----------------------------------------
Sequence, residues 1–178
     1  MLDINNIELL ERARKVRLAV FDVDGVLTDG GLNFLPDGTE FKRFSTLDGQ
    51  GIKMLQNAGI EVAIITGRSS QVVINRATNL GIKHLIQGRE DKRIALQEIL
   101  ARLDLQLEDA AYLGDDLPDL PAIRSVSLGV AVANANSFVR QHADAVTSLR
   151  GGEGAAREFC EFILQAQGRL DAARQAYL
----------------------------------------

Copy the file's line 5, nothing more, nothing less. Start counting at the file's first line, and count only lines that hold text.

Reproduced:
   151  GGEGAAREFC EFILQAQGRL DAARQAYL